Greater Manchester is stepping up support for children and young people who need access to good quality food over the school holidays.
Despite an extension to the Department of Work and Pensions (DWP) Covid Local Support Grant until 30 September 2021 and the provision of Holiday Activities and Food Programme Funding, information received from the 10 Greater Manchester local authorities has identified a £5 million funding gap in food provision for children and young people over the summer holidays.
In response to this, Greater Manchester Combined Authority (GMCA) is funding further Emergency Food Cards for children and young people over the summer holidays. The ‘No Child Should Go Hungry’ initiative was launched over the October half term in 2020 and has provided over 4,365 cards to young people in need across Greater Manchester.
Some 900 pre-paid cards will provided to each council area - including Tameside and Oldham - for use in a range of supermarkets. Each card will be charged with £5 credit to enable young people in need to access food over the summer holidays.
In addition to the Emergency Food Cards, a funding platform has been set up to support the ‘No Child Should Go Hungry’ initiative to alleviate holiday hunger. Local charity Forever Manchester is providing GMCA with a Charitable Fund Management and grant-making service.
Anyone who feels they can donate to help people who may be experiencing holiday hunger can do so at this website: No Child Should Go Hungry Fund
In Greater Manchester there has been a rise in the number of children and young people who are eligible for free school meals. Data from the January 2021 school census indicates that over 120,000 pupils across Greater Manchester schools were eligible for free school meals. This is approximately 26 per cent of all pupils.
There are also a significant number of children and families who are not entitled to free school meals but are suffering from financial hardship. The Covid-19 pandemic has created a series of contributing factors where people are in a more vulnerable position but may not be eligible for additional support. This includes increased unemployment and deprivation and the insecurity that the end of furlough and the lifting of the eviction ban brings.
The Mayor of Greater Manchester and GMCA say they will work closely with partners in each local authority area, such as voluntary and charity organisations, Greater Manchester Health and Social Care Partnership and local businesses, to make sure that there is a collaborative approach to tackling holiday hunger.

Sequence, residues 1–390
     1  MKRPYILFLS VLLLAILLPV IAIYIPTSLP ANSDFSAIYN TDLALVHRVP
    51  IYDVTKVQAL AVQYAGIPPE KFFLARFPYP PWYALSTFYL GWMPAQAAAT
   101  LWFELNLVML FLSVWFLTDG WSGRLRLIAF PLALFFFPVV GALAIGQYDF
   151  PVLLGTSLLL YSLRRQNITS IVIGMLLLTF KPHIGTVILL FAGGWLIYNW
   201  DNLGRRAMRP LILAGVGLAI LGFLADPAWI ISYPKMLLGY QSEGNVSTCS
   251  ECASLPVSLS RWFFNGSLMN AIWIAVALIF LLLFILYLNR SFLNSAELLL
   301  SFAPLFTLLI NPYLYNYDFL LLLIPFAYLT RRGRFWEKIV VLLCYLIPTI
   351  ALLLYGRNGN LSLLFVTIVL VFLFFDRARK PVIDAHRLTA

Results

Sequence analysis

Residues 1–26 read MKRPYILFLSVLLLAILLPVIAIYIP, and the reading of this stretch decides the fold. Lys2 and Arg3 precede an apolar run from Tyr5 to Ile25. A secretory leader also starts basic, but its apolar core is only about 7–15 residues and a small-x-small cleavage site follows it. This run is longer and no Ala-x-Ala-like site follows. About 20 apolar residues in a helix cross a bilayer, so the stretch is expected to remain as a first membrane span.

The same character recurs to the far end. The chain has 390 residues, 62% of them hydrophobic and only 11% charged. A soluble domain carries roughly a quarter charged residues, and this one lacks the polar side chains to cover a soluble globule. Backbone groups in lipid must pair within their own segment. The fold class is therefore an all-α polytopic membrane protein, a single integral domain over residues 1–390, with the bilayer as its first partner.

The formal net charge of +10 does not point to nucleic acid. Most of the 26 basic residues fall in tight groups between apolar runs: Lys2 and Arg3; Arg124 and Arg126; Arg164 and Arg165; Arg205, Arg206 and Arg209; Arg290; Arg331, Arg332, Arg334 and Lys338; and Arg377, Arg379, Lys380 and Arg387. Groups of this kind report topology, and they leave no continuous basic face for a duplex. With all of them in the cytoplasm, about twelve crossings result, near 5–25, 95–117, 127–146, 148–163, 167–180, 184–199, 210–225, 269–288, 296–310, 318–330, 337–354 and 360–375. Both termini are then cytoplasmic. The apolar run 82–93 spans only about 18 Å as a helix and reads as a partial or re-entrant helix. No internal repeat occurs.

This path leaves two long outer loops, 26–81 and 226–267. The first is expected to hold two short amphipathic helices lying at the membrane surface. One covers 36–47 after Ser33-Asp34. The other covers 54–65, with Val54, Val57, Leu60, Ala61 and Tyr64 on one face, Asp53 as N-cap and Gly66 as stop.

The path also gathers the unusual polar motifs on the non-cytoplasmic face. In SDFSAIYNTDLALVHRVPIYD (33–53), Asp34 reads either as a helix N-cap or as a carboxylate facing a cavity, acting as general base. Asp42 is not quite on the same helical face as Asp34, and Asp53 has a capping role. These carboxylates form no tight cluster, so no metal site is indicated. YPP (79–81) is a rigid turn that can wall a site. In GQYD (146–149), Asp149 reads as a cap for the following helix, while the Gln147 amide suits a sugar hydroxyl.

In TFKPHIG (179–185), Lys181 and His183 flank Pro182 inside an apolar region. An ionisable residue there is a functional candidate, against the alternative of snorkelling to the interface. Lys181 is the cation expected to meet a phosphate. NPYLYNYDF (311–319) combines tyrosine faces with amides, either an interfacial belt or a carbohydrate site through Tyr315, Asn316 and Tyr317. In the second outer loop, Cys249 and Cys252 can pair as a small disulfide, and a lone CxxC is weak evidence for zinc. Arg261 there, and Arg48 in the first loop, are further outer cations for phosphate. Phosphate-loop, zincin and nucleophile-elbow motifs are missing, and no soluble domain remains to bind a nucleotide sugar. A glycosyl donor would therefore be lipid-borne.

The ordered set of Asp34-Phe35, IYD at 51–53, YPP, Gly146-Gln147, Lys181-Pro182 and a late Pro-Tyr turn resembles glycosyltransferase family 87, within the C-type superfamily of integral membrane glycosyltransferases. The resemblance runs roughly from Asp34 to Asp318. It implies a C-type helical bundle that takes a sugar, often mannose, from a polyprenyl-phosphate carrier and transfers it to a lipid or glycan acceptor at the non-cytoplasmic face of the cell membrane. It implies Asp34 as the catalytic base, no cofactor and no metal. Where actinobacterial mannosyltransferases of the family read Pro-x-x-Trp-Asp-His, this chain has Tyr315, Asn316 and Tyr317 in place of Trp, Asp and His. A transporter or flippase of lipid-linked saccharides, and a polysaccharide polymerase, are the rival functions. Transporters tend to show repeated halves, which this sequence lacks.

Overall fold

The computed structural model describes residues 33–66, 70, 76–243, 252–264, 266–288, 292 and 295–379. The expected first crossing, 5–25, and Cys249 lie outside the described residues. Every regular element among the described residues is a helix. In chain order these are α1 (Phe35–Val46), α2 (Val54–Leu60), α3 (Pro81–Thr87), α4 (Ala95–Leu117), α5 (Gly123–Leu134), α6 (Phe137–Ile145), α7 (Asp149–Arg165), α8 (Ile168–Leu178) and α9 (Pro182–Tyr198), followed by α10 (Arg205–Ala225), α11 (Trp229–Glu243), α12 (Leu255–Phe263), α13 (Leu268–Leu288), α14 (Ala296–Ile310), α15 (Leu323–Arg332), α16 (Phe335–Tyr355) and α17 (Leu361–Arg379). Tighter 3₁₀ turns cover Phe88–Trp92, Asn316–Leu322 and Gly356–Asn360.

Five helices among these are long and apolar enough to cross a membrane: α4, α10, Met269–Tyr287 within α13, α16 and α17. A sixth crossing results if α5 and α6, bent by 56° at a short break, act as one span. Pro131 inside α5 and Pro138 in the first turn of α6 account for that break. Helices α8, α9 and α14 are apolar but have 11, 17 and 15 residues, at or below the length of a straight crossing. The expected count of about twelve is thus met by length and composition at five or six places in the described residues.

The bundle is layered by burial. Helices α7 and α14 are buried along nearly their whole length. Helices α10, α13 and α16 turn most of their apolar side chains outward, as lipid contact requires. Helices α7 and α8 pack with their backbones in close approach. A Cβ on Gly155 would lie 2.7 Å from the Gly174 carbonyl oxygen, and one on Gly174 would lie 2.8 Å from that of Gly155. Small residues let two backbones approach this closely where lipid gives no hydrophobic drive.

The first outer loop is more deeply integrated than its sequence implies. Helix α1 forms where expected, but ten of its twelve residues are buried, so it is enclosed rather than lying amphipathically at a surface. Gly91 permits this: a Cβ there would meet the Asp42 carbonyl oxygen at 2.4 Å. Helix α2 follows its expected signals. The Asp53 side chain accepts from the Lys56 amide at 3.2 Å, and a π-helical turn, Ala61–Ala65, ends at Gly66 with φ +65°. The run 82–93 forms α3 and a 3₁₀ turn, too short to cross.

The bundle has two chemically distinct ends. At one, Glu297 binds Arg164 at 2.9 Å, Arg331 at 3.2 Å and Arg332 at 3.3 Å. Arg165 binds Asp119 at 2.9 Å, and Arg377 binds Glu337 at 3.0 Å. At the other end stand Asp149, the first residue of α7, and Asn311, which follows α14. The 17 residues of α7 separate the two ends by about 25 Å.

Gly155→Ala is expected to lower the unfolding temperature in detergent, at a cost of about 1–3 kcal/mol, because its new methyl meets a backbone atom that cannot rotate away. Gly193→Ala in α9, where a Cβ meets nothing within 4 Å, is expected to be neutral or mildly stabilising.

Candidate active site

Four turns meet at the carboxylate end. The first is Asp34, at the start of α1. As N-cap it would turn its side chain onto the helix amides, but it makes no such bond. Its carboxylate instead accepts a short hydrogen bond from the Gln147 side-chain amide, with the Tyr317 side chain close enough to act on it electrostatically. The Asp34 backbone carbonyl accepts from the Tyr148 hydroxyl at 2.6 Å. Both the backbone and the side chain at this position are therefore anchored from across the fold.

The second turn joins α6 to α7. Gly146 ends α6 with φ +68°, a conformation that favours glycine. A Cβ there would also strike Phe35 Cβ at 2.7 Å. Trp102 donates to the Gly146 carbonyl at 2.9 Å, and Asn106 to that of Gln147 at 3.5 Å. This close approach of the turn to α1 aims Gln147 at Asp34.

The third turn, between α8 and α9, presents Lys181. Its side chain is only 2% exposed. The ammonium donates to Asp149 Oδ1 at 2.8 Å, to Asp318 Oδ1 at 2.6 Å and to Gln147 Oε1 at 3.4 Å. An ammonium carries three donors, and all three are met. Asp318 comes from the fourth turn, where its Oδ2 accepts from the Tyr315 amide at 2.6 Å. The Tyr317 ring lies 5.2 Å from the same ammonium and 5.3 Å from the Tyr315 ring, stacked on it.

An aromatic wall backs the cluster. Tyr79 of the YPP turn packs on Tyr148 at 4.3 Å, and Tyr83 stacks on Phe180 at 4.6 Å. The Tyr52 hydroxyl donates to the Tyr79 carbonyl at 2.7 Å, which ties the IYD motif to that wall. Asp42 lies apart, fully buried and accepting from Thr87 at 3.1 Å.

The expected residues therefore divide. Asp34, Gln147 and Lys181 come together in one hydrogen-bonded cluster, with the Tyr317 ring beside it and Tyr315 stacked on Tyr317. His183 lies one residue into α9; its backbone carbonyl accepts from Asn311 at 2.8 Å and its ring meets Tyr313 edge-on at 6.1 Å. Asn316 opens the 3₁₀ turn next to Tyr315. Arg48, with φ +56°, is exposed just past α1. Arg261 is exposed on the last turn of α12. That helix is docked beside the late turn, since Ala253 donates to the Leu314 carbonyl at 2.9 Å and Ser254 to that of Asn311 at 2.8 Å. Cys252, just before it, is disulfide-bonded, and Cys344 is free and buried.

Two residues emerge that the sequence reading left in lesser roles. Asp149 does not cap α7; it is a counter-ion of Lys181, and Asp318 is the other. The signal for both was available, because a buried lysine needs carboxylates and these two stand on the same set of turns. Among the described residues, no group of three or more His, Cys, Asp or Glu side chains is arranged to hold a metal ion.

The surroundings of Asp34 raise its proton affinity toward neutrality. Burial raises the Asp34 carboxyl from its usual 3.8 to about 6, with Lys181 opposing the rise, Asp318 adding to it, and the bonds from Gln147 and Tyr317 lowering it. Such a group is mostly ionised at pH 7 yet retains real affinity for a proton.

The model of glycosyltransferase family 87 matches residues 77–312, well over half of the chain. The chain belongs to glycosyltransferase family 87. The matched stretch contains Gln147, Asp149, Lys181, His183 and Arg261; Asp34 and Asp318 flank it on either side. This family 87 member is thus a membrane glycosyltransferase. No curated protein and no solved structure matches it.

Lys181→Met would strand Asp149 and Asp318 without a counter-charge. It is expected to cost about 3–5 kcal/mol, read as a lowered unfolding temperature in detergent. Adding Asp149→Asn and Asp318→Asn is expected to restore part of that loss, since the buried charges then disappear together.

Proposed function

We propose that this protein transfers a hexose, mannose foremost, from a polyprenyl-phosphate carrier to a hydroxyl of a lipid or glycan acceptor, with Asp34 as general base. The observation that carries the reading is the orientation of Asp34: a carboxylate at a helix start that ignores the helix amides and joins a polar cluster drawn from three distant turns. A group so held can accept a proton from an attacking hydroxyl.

Residents are also being encouraged to access support that is already available. One scheme that people may not be aware of are Healthy Start Vouchers and Citizens Advice Greater Manchester has launched a campaign to increase the take up of the vouchers in Greater Manchester.
If you are pregnant or have children under the age of four you could get free vouchers or payments every four weeks to spend on things like cow’s milk, fresh, frozen or tinned fruit and vegetables and infant formula milk.
You can find out more information about eligibility and how to apply for Healthy Start Vouchers from Citizens Advice Greater Manchester here: Healthy Start Vouchers
Mayor of Greater Manchester Andy Burnham said: “Whilst I welcome the extension of the Covid Local Support Grant by the government, what I am hearing from councils in Greater Manchester is that more needs to be done to help young people at risk of going hungry over the summer holidays.
“We are stepping up additional support by providing 9,000 Emergency Food Vouchers across the city region and setting up a platform for residents to donate to help tackle holiday hunger in Greater Manchester. I would like to thank all the organisations that have worked with us to support our No Child Should Go Hungry campaign. We worked closely with the Co-op when we launched the Emergency Food Vouchers last October and have been working with partners such as Huggg and Forever Manchester to be able to set with up additional support for this summer and the future.
“By building on what we have learnt from reducing homelessness and rough sleeping in Greater Manchester we want to build a strong, cross-society No Child Should Goes Hungry campaign to tackle food poverty and holiday hunger as a long-term issue.”
Alongside the ‘No Child Should Go Hungry’ initiative, Greater Manchester was the first city-region to support a campaign which calls for the ‘Right to Food’ to become a legal requirement.
The ‘Right to Food’ campaign, launched by Fans Supporting Foodbanks, calls for a change in the law to make access to food a legal right for all in the UK making Government legally responsible to help people suffering from food poverty.
Greater Manchester will also look to launch a Food Insecurity Action Network. This aims to be a grassroots, community led partnership that will initially drive action to support the ‘No Child Should Go Hungry’ initiative.